Past Producer in Alaska, United States with commodity Gold

Geologic information

Identification information

Deposit ID 10002943
MRDS ID A015437
Record type Site
Current site name Alaska
Alternate or previous names Gladstone, Jupiter-Mars, Grace E#2?

Geographic coordinates

Geographic coordinates: -147.3949, 65.06857 (WGS84)
Relative position Cobb (1972, MF-413), loc. 42; NE1/4SW1/4 sec. 20, T. 3 N., R. 2 S., of the Fairbanks Meridian. The mine is on the hillside east of Chatham Creek at an elevation of about 1,700 feet. Accuracy is within 2,000 feet.
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Geographic areas

Country State
United States Alaska


Commodity Importance
Gold Primary

Materials information

Materials Type of material
Gold Ore


  • (Local) Sericite, scorodite, iron oxide and antimony oxide.

Host and associated rocks

  • Host or associated Host
    Rock type Metamorphic Rock > Schist

Nearby scientific data

(1) -147.3949, 65.06857

Comments on the geologic information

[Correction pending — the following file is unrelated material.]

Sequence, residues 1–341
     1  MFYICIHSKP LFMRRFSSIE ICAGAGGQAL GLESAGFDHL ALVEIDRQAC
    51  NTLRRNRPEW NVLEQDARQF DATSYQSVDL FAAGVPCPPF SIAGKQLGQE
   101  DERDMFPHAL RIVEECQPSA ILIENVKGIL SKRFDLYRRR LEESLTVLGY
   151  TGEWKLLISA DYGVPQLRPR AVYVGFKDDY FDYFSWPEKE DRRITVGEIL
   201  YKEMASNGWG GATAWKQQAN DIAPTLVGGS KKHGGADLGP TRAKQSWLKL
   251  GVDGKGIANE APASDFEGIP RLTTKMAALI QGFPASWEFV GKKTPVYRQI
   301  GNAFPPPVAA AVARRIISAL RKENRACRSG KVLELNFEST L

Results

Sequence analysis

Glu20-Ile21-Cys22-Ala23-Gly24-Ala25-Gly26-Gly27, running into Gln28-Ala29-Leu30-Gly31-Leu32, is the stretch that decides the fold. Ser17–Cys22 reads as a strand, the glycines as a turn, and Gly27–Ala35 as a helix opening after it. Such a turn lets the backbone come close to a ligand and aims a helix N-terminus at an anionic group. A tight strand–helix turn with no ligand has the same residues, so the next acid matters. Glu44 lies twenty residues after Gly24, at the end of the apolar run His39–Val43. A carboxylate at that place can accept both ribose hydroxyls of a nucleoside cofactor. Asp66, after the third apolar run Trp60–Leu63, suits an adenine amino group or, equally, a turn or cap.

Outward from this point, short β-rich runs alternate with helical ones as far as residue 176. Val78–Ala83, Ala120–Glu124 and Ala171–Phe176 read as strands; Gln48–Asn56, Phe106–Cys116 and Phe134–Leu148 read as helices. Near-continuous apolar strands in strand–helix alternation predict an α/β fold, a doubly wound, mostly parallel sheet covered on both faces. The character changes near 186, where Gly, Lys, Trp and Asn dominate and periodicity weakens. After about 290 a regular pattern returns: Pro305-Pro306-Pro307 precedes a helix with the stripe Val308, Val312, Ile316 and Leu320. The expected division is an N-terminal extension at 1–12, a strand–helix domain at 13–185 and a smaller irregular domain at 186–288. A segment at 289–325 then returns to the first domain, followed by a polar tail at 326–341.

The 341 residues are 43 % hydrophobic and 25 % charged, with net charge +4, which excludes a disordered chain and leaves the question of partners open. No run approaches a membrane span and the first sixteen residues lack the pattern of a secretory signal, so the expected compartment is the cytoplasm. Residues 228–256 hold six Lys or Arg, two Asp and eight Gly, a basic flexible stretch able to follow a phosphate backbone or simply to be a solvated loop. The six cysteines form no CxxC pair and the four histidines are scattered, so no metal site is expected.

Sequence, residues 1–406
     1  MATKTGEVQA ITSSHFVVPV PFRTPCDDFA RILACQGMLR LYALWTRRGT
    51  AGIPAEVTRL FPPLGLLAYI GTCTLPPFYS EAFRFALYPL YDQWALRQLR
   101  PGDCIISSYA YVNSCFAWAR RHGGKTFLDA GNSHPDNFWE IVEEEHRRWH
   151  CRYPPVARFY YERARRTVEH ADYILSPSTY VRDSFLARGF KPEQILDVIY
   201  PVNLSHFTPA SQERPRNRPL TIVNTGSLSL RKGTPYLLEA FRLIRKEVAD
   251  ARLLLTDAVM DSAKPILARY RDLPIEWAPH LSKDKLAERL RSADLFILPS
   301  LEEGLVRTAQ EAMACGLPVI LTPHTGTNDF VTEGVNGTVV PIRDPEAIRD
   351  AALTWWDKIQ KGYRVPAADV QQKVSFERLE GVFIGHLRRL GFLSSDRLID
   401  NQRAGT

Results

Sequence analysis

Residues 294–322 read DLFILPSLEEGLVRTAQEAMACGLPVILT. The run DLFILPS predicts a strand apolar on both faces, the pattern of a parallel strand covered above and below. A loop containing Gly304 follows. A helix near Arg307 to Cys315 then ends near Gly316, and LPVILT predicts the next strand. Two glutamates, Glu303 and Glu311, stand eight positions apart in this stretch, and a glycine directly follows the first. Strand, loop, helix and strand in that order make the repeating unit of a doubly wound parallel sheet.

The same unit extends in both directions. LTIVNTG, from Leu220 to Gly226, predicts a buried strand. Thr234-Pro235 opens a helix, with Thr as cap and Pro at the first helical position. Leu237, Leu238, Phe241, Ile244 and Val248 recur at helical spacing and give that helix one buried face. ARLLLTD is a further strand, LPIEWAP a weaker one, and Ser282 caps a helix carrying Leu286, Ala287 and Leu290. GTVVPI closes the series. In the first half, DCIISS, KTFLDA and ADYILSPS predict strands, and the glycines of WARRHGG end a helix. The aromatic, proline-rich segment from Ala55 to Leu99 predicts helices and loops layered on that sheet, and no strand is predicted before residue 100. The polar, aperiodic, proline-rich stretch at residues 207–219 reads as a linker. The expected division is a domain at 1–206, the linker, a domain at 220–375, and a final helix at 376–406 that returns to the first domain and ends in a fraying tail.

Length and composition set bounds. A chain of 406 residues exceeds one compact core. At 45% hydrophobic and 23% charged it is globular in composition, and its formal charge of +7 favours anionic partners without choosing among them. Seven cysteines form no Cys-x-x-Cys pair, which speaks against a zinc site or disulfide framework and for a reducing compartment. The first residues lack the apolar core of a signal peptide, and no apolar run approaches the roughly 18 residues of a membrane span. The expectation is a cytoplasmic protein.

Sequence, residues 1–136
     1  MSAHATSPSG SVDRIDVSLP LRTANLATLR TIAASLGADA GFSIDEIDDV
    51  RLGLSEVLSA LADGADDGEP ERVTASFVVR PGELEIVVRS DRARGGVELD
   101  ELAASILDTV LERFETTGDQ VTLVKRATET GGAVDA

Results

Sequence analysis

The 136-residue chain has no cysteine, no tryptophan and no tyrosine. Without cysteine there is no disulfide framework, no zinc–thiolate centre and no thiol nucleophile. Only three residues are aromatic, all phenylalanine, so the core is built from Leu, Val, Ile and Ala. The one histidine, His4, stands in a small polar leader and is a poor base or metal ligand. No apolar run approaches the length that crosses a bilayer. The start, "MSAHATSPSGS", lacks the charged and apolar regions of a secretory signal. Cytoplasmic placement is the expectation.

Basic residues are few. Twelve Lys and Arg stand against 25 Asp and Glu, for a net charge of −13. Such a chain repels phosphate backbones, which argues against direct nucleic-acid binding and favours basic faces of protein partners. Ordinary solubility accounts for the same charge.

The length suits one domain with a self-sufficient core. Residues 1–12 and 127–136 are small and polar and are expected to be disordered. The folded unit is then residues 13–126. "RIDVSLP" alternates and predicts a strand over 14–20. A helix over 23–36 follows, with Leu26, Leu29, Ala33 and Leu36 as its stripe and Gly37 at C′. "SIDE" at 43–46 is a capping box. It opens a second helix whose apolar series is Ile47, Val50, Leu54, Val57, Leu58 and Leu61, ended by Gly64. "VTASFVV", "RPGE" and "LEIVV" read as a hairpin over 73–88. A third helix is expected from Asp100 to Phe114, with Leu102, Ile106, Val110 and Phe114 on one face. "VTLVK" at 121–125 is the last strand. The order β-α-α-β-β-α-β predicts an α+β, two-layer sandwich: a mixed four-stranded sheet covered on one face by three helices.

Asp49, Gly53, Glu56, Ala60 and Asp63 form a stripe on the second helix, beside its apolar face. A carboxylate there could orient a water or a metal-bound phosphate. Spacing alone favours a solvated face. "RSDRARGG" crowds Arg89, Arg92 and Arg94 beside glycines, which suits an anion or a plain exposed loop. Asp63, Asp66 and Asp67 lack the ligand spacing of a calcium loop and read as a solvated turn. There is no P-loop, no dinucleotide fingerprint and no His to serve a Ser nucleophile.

• Geologic Description = The Alaska prospect originally was known by the name Jupiter Mars prospect after several claims and fractions bearing that name. The prospect was discovered prior to 1910 by which time the Jupiter Mars claim was being explored by a 70-foot adit and a 50-foot crosscut (Brooks, 1911). Work continued in 1911 and by 1912, seven or eight claims in the area had been purchased by the Jupiter-Mars Consolidated Gold Company (Brooks, 1912; Smith, 1913; B 525). This company owned the Shamrock, Emerald, Gladstone, Richman, Henchman, Chatham, Jupiter, Mars, and Jupiter Mars Extensions Nos. 1, 2, 3 and 4 (Times Publishing Company, 1912). Work was concentrated in two short adits on the Goldstone claim. These adits intersected a northwest-striking, shallowly south-dipping shear zone from which several tons of custom milled ore returned values of about $30 per ton (1.45 ounces of gold per ton) (Smith, 1913; B 525, p. 175). Sulfides make up only a small proportion of the shear zone. Gold is associated with white-quartz vein material (Smith, 1913; B 525, p 175). The shear zone is cut off in the northern tunnel by frozen fluvial gravels indicating the material in which the tunnel is driven may be part of large slump block. A 66-foot deep shaft had been sunk to the east of the adits by 1912 to prospect along the shear zone (Smith, 1913; B 525). Work continued in 1913 when the shaft was deepened to 125 feet and 112 feet of drift were driven from the shaft (Chapin, 1914, p. 337). ? the area was restaked as the Alaska, Alaska #2 and Alaska #3 claims by Fred M. Wackwitz on July 1, 1931 (Hill, 1933). The prospect subsequently became known as the Alaska group and was first prospected with large ditches cut by ground sluicing to remove surface debris. A scorodite-stained quartz-bearing shear zone oriented east-west with a 30 degree north dip, was exposed in this manner; it measured 3 to 5 feet wide and averaged $0.43 per ton (0.02 ounces of gold per ton). ? In 1979, Placid Oil began surface trenching, diamond core drilling and geochemical sampling of the shear zones which had been discovered previously. Between 1979 and 1986, Placid Oil drilled 5,137 feet of diamond core and cut several thousand feet of dozer trenches on the prospect, primarily on the Christina shear zone north of the adits and shaft previously driven on the prospect (Porterfield and Croff, 1986). ? In 1986, Placid Oil Company dropped its lease on the prospect. The trenches on the Alaska prospect were reclaimed by Placid Oil in 1985; however, sidewall exposures of gold quartz and sulfide shear zones remain and served as sample sites for field work conducted by Fairbanks Exploration Inc. in 1987. Samples collected from the prospect contained anomalous gold (70 to 1600 ppb), silver (5.5 ppm to 179.9 ounces of silver per ton), arsenic (+1000 ppm) and antimony (330 to +10000 ppm) hosted in white quartz and quartz-sericite, rhyolite tuff, stained by scorodite, iron oxide and antimony oxide (Fairbanks Exploration Inc., unpublished report, 1987). The core of the Jupiter Mars shear zone was exposed in trench walls where it contained 1 to 6 inch wide quartz stringers which were broken and recemented by later quartz. The shear strikes N 80 E and dips 55 SE. Host rocks in the trench exposures and on the dumps of one of the old adits were highly oxidized rhyolitic tuff with pervasive scorodite and iron-oxide stains. No other work has been conducted on the Alaska prospect and all underground workings are now inaccessible.